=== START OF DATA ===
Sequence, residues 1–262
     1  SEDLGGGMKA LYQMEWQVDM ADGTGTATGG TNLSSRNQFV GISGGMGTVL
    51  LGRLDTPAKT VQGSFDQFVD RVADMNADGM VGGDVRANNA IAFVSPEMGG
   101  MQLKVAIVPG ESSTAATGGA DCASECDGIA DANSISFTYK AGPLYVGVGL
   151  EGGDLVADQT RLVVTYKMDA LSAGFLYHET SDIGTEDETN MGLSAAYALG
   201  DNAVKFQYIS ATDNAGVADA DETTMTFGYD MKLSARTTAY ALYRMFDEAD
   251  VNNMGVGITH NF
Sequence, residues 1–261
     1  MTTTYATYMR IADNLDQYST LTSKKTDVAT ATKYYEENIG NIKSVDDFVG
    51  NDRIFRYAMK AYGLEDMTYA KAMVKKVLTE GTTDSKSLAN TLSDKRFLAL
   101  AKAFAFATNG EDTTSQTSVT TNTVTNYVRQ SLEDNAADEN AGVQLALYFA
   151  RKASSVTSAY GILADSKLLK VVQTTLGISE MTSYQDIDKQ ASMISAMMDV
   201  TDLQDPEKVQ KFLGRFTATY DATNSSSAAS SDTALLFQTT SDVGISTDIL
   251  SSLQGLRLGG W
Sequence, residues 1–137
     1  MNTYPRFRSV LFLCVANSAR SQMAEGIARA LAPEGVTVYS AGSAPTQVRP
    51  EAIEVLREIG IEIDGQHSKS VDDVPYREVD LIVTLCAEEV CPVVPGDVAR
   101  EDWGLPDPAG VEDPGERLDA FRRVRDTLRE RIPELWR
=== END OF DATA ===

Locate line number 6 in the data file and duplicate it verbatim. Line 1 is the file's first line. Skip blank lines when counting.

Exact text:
   201  DNAVKFQYIS ATDNAGVADA DETTMTFGYD MKLSARTTAY ALYRMFDEAD